composed of the President, Mrs. Gait,
Miss Bones, Dr. Grayson and some
times Miss Gordon, became such us
ual occurrences that Washington no
longer commented.
Then came Mrs. Gait's visit to
MIbs Bones and Miss Margaret Wil
son, the President's eluest daughter,
at Harlakenden House, tho summer
White Houso in Vermont, where dur?
ing the President's brief vacation
she was his companion on his dally
round of golf Ho also enjoyed long
walks in this pleasant companion
ship nnd rode many miles by auto
mobile through the Vermont and
New Hampshire hills with Mrs. Gait.
This visit was also marked by the
first entertatnlng In which any oil
tho members of the Wilson family
had indulged since tho beginning of
their period of mourning for the
lato Mrs. Wilson, an Informal tfca
and garden party for the members
qf the summer colony, at which Miss
Wilson and Miss Bones
tesscs.
wero hos:
While Dr. Grayson may well be
dubbed "Cupid's assistant" for first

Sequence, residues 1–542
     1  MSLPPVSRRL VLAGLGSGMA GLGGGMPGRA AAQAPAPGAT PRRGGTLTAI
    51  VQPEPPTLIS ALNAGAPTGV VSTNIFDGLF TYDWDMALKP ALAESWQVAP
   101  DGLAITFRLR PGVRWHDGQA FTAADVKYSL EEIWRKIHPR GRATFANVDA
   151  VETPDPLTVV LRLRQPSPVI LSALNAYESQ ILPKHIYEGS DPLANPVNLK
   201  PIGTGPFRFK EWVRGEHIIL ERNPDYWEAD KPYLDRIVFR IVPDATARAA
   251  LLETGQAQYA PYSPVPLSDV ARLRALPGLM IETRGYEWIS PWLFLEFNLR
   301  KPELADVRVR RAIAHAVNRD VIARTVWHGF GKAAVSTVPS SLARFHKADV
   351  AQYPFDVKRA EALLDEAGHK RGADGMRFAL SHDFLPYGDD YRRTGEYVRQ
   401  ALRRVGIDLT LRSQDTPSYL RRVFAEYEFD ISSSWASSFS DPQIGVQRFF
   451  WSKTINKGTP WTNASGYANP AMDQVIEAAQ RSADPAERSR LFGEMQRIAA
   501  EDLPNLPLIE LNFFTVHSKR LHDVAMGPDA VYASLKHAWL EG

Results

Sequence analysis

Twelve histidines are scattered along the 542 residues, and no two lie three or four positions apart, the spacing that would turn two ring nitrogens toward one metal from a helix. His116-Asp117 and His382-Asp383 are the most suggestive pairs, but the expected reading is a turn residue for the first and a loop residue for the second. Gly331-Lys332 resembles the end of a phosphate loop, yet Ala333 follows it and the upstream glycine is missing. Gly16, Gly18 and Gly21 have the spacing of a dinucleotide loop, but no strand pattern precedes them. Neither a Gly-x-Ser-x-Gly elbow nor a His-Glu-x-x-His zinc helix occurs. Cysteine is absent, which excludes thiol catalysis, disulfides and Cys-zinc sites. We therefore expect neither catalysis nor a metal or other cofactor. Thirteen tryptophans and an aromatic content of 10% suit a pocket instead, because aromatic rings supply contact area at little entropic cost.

bringing the President and his ilan
coo together, it Is to Miss Bones, de
mure, Bweot-mannorod, soft-voiced
and gentle, that tho credit must go
for "managing" affairs so adroitly
that tho President might pursue
bin courtship.
Nobody who remombers President
Wilson as ho was a year ago, with
traces of each of his fifty-eight yenrs
graven on Uls.face. and who soes
him to-day, looking ten yoars young
er, his austerity molted, his shoul
ders no longer bowed with cares of
State, can doubt that under the in
fluence of the simple, charming, gra
cious woman ho has, won, tho "year's
at the spring" for him.
t Barler-Myor.
The barbor ef the town of Crystal
River. Fla-, was SHeh an "apt" per
son Rd th Mayoij'c Job such a tri
fling one that the populace thought
to kill two Vlrds with one ateae by
imposts the ee himb the other ana
Th barber-Mayer has eveaed up
hjr MelM..!raM heaaaatk the eigar.
aafeas at the m'uBleipal desk M (el
lowing fine: Tin-cunning dogs, $8:
baiting or trapping neighbors' chick
ens, $12; winking at affinities, either
sex, $1,60 and a reprimand; crowing
roosters that perform before 6 a. m.,